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Silverstone vs. Silverstone - Comparing Le Mans and World Series by Renault events

Published by Lewis

The Peugeot 908 flies around Silverstone during the Autosport 1000km in 2008.
Credit: cmonville (creative commons)

Silverstone. The quintessential British racing circuit. Greasy fast food, Maggots and Becketts, plagues of souvenir stands and die hard British racing fans. Having been there twice, I've felt the buzz of the field going past many times. But surely my visits can't have been any different?

I first went to Silverstone in 2008, on a typically autumnal day. I was going to watch Le Mans Series, the final race of the season, the title decider. I was going as a guest of Peugeot, and as I sat in Luffield B with a Peugeot flag and cap in my hands, the field went past at an amazing pace. The atmosphere was electric, it felt as though a lightning bolt had passed through all of our bodies. It was a feeling I won't forget.

After a while, we went for a walk. There were lines and lines of souvenir stands. Magazines, caps, flags, books, programmes. It would have taken days to visit everything. The Le Mans organisers really knew what the spectators wanted.

The paddock was open that day, a chance for fans to see what was behind the pit lane. Across the infamous bridge, we walked past motorhomes, cafés and team personnel. I felt like a VIP, even though it was public. Every two minutes, you got a complimentary car sticker, or a free flag. They catered for everything. There was even an opportunity to buy used tyres from Dunlop or Michelin. Autosport (who were the title sponsors of the event) were also fantastic. I bought their magazine, then got laden with three free books. A truly awesome day.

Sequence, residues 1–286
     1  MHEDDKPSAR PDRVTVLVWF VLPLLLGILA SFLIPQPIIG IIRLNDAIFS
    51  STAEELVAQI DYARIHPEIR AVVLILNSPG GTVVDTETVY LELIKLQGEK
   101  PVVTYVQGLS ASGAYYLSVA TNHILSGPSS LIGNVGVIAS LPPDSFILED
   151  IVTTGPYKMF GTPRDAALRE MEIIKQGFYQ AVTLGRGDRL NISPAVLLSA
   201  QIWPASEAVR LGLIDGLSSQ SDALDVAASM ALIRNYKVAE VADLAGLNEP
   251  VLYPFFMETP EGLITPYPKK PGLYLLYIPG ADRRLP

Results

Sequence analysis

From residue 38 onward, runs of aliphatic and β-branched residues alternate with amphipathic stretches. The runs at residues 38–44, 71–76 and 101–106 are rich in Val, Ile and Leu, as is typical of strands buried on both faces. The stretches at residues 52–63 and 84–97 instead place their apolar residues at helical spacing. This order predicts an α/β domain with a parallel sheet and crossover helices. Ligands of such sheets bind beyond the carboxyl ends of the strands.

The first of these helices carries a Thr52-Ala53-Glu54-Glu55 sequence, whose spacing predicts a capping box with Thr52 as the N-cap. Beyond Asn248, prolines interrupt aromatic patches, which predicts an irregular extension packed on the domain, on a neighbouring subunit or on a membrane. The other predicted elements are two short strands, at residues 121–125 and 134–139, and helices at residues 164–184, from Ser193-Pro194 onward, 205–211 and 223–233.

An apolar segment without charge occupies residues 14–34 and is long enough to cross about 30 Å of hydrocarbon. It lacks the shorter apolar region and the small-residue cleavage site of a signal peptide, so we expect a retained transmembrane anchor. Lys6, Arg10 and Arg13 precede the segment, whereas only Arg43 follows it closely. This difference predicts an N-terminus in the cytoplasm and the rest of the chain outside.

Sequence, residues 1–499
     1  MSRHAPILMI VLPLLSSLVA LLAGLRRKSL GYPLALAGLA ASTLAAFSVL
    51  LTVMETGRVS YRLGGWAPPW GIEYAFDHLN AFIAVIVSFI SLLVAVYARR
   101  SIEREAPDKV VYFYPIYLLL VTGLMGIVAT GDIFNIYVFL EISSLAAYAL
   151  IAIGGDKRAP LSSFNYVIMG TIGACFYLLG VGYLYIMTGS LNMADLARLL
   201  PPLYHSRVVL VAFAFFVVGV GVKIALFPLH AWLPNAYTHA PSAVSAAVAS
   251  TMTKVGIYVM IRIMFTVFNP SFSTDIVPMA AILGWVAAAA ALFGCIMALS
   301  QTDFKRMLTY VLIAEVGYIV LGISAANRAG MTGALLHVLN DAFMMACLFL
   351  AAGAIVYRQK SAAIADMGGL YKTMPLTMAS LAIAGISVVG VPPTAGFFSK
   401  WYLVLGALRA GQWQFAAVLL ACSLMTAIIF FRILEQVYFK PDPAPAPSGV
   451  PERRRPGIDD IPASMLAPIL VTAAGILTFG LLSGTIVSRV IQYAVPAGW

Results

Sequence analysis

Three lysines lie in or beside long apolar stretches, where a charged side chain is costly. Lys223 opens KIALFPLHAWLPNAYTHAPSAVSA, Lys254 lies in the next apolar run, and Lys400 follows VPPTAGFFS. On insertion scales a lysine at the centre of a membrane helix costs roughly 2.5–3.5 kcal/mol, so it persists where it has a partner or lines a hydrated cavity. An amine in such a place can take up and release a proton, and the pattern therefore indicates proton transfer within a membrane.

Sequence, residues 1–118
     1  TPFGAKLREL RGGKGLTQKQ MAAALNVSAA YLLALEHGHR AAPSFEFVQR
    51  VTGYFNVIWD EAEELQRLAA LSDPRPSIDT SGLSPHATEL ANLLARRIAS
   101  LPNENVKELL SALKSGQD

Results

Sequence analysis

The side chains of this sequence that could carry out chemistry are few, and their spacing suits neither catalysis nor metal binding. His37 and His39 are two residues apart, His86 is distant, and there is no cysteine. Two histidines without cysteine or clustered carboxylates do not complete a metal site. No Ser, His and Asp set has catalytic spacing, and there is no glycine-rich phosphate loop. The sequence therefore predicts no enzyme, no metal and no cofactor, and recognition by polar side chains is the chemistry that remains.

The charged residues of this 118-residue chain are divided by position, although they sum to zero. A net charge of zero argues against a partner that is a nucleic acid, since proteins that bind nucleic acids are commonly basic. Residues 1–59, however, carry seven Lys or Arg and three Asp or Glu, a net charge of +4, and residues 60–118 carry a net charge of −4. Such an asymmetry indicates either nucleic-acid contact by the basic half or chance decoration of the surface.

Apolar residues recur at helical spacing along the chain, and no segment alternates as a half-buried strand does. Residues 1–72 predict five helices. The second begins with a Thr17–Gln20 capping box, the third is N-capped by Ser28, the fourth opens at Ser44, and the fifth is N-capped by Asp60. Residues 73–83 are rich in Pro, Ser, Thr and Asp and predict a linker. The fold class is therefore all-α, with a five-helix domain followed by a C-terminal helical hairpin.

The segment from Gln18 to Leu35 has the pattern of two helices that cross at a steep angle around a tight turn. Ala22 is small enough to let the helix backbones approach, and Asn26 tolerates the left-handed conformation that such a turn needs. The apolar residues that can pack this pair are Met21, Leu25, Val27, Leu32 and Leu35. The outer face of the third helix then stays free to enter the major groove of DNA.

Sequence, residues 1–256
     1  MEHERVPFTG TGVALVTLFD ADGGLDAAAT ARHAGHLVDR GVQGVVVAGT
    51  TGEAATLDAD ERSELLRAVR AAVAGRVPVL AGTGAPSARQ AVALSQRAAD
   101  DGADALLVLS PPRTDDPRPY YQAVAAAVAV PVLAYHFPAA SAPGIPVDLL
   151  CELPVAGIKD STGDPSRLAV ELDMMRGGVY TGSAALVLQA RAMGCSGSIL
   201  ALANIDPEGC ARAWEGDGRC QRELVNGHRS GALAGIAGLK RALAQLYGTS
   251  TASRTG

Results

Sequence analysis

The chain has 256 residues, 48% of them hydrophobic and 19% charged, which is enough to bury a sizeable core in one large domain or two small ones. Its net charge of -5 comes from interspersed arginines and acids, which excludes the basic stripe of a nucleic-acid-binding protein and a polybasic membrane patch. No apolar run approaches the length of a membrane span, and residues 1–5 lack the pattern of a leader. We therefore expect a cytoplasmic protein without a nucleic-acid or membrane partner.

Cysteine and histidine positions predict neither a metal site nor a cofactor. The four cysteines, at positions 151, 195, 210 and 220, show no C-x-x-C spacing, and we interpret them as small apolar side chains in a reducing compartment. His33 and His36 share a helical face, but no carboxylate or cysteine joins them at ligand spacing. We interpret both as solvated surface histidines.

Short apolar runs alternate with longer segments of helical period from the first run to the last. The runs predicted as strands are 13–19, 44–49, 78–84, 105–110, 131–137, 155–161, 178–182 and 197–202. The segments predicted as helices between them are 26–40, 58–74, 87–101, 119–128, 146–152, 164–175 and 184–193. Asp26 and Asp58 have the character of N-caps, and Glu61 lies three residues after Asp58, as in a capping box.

I came back in 2009, to watch the World Series by Renault formula. My expectations were high. Brendon Hartley (a driver that I can't wait to see in F1) was driving, and I felt the same buzz as before as I stood at Becketts, watching the twenty-strong field fly past. I was lucky enough to stand at Bridge corner and see Fernando Alonso drive past in his Renault.

It was only when we started to go walkies that it failed to live up to my impressions. The only souvenir stands were official Renault stands, and the prices were outrageous. £7.50 for a fridge magnet?! The only free thing I got was a badly made flag, and the only attractions were the 'official ING funfair' and Renault's heritage. The paddock was non-existent, only for a few manic drivers driving crates of tyres around. You couldn't buy those. Renault disappointed me. They should've done a lot better. The pressure from 'Crash-gate' perhaps? All of the souvenir stands were gone, there were none of the cheerful helpers that pointed the way to confused fans. Even all of the mobile cafés were gone (I didn't want an official ING sandwich, I just wanted a normal one).

Overall, you could see the effort each set of organisers put in to the event. I don't think I'll be going to anything for Renault any time soon. Le Mans Series? Yes.